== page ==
• Review case records

  • FP
    FKC 8.01

    Parents receive information about services that includes: 
    1. an orientation to the program; 
    2. their rights and responsibilities when their children are in care; 
    3. the rights and responsibilities of resource families; and
    4. how service plans will be implemented to ensure involvement and contact with their children, and communication with the organization and the resource family.


  • FKC 8.02

    Workers maintain regular contact with parents to:
    1. build and sustain positive relationships;
    2. facilitate involvement in their children’s activities; 
    3. include them in decisions about their children;
    4. review service participation and effectiveness; and
    5. mutually monitor progress towards reunification or other permanency goals.

    Interpretation: Parents are encouraged to participate in health appointments, school activities, and other events and are involved in everyday decision making whenever possible, unless it is contraindicated.

    Research Note: Parents who are involved in activities on behalf of or with their children are more likely to visit their child frequently.


  • FKC 8.03

    Resource families maintain connections with parents to mutually share information about their children and support involvement in their children’s care, unless contraindicated.

    Interpretation: The organization’s strategies for promoting collaboration between parents and resource families should include a description of the expectations for how they maintain contact and how the organization supports and documents this contact. 

    Whenever possible, it is particularly important that resource families maintain regular communication with the parents of infants and toddlers, who may be unable to express their needs, in order to best meet the needs and keep the parents abreast of changes during this period of rapid child development.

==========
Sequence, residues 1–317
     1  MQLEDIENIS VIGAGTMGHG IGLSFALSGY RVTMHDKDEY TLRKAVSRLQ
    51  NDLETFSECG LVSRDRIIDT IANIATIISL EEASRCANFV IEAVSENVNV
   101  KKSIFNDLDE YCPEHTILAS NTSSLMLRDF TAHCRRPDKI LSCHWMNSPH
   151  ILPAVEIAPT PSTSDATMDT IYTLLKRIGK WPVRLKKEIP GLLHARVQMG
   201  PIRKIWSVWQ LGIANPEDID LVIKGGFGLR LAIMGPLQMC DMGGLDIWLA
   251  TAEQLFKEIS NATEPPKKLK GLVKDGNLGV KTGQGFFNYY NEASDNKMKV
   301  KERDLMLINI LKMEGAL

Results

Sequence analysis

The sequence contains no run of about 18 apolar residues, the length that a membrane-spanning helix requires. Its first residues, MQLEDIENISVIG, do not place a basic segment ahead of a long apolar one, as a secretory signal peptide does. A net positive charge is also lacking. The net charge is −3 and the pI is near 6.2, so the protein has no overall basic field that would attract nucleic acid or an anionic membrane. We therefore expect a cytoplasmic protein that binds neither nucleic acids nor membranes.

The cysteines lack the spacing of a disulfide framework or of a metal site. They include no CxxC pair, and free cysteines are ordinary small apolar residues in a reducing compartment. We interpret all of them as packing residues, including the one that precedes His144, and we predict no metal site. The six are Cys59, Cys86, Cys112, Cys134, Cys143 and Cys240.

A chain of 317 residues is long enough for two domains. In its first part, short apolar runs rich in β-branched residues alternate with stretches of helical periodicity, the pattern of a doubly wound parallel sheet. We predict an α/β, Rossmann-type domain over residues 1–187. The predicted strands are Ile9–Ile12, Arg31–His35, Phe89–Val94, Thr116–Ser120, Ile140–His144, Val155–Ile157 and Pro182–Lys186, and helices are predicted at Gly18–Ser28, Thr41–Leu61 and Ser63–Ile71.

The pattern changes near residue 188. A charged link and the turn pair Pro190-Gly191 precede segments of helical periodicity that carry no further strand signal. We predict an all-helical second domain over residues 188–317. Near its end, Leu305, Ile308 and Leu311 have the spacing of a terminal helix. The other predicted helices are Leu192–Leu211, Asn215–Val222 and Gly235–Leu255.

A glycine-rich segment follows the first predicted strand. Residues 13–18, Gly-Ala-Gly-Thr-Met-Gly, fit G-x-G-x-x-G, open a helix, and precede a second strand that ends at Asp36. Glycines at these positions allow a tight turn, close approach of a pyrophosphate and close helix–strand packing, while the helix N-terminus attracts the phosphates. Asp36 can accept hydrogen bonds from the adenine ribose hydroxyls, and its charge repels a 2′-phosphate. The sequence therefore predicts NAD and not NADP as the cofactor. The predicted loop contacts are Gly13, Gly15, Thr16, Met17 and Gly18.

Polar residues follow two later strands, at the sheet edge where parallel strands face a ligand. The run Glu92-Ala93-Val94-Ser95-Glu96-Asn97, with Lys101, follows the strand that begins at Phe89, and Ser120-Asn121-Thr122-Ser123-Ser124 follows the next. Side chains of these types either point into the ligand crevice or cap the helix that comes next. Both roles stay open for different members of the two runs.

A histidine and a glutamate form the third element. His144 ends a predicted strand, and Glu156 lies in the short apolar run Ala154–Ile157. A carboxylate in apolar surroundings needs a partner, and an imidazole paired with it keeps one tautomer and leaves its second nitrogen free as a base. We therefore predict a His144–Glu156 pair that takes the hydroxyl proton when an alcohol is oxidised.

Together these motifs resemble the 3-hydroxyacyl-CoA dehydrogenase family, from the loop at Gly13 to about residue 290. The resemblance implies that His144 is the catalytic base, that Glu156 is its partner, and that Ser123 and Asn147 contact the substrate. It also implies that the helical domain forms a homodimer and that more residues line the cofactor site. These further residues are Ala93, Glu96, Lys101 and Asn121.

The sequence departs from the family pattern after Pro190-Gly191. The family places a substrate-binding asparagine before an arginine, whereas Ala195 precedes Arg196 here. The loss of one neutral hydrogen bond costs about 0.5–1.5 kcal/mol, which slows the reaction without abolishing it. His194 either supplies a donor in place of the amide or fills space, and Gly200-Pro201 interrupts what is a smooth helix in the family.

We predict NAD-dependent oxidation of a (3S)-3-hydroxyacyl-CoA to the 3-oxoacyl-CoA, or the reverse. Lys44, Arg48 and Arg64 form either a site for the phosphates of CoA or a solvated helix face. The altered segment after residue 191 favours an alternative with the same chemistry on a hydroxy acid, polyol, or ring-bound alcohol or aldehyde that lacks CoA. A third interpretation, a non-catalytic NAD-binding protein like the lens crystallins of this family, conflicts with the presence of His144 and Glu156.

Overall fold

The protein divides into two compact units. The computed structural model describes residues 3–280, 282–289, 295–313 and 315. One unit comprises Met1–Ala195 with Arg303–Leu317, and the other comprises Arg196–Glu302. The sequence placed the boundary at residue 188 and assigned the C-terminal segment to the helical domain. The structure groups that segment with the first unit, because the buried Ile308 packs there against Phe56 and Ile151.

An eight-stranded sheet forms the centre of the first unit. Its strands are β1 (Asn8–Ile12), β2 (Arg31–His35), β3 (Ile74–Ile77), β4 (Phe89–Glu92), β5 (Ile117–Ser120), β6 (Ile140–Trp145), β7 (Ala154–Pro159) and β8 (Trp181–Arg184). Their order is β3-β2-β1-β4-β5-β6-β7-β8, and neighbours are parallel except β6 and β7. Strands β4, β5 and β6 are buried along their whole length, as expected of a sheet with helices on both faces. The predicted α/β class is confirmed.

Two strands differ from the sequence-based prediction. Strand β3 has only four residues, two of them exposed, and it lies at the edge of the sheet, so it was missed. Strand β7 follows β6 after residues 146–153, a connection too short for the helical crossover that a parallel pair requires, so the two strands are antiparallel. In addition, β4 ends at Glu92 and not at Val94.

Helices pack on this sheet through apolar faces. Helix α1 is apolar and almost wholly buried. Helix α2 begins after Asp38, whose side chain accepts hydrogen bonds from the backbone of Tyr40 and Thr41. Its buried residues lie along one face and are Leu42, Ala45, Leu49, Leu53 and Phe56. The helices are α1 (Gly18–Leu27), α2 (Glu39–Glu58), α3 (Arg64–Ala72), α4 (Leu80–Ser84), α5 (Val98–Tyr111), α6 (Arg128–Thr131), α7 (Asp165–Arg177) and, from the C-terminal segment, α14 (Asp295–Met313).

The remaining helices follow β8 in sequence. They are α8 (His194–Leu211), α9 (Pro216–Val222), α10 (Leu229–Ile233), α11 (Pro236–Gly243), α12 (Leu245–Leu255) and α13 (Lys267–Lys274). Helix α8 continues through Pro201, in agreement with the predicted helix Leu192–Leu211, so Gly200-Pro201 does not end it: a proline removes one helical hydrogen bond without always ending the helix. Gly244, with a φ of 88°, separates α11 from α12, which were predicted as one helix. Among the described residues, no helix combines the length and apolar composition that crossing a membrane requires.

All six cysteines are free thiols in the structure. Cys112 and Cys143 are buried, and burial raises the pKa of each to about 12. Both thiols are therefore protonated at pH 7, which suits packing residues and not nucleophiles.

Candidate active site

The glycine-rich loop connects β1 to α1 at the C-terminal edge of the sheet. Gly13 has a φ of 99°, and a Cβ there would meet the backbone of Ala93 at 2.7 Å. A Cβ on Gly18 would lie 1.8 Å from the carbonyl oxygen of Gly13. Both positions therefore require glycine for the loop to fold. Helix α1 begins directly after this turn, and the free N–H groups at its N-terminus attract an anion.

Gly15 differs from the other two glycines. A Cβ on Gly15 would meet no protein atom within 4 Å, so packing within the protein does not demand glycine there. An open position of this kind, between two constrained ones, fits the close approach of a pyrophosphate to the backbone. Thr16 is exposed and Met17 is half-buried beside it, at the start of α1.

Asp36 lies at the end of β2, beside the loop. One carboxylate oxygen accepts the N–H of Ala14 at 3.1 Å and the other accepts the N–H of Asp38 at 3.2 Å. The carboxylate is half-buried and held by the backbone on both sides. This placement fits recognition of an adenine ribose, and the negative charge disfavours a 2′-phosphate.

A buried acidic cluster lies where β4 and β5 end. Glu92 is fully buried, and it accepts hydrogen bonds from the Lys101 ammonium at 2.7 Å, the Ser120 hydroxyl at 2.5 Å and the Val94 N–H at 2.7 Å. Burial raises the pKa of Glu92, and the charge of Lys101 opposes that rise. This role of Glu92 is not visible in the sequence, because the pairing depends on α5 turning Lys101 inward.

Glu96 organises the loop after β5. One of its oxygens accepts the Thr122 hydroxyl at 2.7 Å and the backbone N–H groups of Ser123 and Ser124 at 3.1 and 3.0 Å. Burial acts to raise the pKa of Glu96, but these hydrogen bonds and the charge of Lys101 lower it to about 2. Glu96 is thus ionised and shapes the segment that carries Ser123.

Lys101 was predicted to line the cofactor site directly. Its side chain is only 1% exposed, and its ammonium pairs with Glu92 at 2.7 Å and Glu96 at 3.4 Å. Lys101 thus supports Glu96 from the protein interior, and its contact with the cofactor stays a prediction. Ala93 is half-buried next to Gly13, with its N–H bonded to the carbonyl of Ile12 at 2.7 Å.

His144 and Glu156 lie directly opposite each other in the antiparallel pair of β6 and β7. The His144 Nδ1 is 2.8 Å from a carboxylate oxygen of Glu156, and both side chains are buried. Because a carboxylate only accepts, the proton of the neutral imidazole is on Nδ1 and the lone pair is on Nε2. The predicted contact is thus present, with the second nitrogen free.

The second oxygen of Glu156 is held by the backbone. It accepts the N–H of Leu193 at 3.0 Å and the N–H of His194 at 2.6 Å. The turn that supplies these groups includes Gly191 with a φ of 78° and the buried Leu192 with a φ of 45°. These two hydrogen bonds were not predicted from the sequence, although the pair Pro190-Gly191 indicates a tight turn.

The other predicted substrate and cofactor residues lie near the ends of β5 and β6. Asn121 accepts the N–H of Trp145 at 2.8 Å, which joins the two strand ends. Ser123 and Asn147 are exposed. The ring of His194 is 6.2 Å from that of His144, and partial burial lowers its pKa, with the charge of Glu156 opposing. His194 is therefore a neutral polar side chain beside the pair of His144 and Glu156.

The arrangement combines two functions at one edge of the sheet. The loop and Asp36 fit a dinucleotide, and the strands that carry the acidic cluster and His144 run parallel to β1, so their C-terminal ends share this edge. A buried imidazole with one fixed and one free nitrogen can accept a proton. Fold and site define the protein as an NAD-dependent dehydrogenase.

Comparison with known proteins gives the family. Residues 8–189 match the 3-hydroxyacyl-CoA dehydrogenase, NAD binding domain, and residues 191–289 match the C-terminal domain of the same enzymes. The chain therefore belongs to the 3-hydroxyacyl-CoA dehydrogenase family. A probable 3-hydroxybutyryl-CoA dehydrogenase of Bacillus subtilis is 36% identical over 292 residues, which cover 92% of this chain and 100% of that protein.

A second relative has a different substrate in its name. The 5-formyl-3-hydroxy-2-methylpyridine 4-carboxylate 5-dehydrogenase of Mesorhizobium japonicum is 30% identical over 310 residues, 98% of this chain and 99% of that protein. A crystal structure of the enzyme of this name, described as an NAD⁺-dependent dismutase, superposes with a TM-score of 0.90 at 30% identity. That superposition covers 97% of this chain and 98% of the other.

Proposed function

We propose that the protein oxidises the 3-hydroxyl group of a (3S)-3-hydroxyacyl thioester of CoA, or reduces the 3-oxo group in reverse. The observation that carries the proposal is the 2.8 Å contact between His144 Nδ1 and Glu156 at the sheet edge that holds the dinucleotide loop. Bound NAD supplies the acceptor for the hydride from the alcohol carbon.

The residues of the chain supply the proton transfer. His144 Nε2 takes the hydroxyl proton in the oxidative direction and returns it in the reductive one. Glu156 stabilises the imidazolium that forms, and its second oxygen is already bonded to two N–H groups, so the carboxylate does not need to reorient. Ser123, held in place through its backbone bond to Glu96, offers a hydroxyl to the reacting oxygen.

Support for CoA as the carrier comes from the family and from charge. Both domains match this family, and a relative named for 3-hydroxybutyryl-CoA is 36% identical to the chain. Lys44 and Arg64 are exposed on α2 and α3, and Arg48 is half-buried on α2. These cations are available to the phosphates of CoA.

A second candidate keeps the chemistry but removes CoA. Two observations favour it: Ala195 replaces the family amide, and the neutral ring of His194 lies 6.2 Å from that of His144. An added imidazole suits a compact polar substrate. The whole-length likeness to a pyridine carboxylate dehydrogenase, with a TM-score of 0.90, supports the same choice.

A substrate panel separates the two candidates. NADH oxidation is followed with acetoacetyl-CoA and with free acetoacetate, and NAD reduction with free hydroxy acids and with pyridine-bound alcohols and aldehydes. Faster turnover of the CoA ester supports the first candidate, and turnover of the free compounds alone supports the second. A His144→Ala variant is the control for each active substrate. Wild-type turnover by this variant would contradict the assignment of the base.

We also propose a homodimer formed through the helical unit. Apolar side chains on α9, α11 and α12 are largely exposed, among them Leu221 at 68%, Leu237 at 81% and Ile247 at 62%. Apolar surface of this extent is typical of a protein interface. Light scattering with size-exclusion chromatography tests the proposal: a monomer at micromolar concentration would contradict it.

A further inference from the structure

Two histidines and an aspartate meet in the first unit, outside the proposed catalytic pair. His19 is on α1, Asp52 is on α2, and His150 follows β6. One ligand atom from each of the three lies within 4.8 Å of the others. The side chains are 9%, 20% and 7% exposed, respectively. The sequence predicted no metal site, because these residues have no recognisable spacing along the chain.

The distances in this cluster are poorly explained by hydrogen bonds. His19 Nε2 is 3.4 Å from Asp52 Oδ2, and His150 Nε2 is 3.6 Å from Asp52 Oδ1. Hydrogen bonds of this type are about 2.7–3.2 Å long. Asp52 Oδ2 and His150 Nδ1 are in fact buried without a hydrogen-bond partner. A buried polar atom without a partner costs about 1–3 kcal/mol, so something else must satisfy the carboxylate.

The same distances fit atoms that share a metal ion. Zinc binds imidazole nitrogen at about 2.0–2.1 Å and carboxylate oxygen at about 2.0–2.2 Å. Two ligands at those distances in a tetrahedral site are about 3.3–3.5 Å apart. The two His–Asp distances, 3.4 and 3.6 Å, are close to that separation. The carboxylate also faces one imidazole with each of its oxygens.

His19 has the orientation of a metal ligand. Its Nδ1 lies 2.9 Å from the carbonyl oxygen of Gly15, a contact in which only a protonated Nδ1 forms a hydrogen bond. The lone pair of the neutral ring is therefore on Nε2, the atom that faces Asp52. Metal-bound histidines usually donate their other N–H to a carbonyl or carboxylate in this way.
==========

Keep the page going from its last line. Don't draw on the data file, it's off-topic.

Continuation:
• FKC 8.04

    Culturally-relevant services are provided, directly or through referral, to help parents meet their needs and to reunify families, including: 
    1. child care;  
    2. domestic violence services;
    3. family support services including parent education; 
    4. housing referral and assistance;
    5. income assistance and financial planning;
    6. in-home support and home health aide services; 
    7. medical and dental care; 
    8. mental health care; 
    9. respite care; 
    10. substance abuse treatment services;
    11. transportation services; and
    12. vocational and educational assistance.

    Interpretation: The organization can work with the public agency and other stakeholders to collect data on the need for services that are not readily accessible in the service area in order to advocate for greater availability. 

    Informal family and community supports can be identified as well as formally included in the service plan, and may be more beneficial in the long term if families can access the support after the case is closed.

    Research Note: Poverty and child maltreatment, particularly neglect, are inextricably intertwined. Research indicates that poverty can play a major role in many conditions that increase risks to child safety, such as parental stress, inadequate housing and homelessness, lack of basic needs, inadequate supervision, substance abuse, and domestic violence. Researchers continue to examine if child maltreatment is reduced by ensuring that families can meet their basic needs. 

    Research Note: Reasonable efforts must be made to support reunification with incarcerated parents, unless a court has suspended the need to make such efforts. In addition to maintaining the parent-child relationship and involving parents in their children’s care, organizations should identify needed rehabilitative services and document when services are not available in order to demonstrate both reasonable efforts made and the barriers incarcerated parents face in accessing needed services.